The concept of a ‘Scottish literature’ by its very phrasing invokes a claim to be a national literature. A collection such as the present one accepts the existence of a ‘Scottish’ literature in these terms: distinct in important respects from any other literature, and having within it qualities which express, reflect or relate to a set of experiences which are sufficiently widely shared and expressive of certain collectivities of culture, institutions or banal quotidian association that we have come to call ‘national’. What the validity or otherwise of this term is is a different matter, which I have explored elsewhere. The chapter which follows is instead aimed at teasing out a question of periodicity and aesthetic in this national literary history: the extent to which ‘Scottish’ literature partakes of European and Western literary movements which are normally taken as transcending national boundaries, and the extent to which the Scottish case inflects these in distinctive ways in the Romantic period.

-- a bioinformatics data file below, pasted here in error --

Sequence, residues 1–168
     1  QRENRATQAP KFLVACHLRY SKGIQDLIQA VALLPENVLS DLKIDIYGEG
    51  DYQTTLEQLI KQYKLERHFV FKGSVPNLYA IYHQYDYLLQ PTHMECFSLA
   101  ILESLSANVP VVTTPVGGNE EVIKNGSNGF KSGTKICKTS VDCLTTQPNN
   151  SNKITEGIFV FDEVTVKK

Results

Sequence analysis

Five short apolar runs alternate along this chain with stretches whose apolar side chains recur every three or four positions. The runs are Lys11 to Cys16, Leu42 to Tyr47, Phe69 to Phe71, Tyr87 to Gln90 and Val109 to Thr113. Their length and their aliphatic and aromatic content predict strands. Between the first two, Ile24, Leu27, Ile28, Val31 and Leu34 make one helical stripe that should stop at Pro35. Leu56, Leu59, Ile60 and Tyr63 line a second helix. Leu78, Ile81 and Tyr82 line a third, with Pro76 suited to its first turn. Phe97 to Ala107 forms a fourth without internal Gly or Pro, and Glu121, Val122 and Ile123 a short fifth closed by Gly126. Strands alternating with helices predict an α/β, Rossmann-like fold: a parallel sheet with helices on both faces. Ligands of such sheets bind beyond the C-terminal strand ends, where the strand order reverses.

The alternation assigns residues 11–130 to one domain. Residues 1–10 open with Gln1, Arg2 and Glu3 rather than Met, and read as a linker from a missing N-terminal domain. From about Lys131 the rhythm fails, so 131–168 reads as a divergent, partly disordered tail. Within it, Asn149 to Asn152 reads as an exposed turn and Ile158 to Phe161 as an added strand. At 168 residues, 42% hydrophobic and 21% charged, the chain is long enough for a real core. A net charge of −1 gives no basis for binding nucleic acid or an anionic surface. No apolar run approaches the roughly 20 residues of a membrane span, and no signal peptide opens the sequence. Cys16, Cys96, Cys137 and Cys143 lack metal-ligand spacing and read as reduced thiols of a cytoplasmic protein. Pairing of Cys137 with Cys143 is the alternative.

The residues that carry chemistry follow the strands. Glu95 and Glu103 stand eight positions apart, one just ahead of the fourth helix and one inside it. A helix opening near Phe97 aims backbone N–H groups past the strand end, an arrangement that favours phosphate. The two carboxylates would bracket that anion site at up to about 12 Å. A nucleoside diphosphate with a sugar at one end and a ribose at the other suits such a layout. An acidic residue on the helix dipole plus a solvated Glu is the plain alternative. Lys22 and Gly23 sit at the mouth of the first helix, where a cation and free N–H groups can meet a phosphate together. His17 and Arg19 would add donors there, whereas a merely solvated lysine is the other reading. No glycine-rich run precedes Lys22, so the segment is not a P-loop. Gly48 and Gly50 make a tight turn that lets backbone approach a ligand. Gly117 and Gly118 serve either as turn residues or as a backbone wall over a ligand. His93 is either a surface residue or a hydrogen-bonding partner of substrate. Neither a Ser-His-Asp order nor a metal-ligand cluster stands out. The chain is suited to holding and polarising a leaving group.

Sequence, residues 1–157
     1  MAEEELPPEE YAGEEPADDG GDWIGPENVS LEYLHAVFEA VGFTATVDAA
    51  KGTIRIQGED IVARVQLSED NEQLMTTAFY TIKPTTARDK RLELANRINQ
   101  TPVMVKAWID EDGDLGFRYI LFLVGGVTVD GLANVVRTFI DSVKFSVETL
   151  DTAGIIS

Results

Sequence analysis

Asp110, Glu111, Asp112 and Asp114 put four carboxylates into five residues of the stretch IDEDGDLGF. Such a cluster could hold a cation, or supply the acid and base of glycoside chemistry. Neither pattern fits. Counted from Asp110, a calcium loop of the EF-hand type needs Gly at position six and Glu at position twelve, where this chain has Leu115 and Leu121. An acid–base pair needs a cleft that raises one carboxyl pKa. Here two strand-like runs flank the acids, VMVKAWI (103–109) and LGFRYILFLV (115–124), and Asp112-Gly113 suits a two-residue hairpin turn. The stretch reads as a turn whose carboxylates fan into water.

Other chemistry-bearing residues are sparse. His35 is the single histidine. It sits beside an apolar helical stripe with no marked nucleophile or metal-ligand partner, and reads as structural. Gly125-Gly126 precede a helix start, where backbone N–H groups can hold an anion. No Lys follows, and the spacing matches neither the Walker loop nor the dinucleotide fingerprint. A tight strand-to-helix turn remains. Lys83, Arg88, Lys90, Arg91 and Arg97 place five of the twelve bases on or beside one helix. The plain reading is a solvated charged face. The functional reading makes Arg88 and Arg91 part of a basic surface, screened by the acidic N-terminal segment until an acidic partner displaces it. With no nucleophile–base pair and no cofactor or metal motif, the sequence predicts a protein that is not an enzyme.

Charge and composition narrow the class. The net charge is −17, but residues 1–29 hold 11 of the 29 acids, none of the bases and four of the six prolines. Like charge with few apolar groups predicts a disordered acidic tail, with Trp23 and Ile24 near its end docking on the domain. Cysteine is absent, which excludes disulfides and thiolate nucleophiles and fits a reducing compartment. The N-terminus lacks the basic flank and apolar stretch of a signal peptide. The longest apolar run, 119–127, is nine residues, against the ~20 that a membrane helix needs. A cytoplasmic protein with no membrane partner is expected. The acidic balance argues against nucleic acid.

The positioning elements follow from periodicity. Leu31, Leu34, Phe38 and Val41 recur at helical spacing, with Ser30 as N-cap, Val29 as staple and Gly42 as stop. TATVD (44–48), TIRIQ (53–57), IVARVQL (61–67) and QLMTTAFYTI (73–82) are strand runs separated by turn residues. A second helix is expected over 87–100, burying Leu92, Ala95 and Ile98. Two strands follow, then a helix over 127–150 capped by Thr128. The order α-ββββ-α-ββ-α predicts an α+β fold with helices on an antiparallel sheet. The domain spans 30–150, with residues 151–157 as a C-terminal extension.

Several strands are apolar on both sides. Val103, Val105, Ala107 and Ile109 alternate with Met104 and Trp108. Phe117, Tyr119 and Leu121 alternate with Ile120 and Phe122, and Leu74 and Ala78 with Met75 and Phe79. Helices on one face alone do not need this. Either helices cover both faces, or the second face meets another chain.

In the context of the long eighteenth century, this is an important question, because – in recent years in particular – Scotland has been seen as having a key role in the European Enlightenment. The Scottish Enlightenment has been treated as a key intellectual powerhouse, not least in the United States, where books such as Arthur Herman’s How the Scots Invented the Modern World: The True Story of How Western Europe’s Poorest Nation Created Our World and Everything in It (2004) present an extravagantly maximalist case for a national Enlightenment promoting the universal values of modern rationality while serving as the creative engine-room for the disciplines of modern thought and the achievements of modern technology. Closer to home, Alexander Broadie’s Cambridge Companion to the Scottish Enlightenment (2003) is currently the best-selling Cambridge Companion, and was published in Mandarin in 2010. The Scottish Enlightenment has a long and unquestioned national reach.
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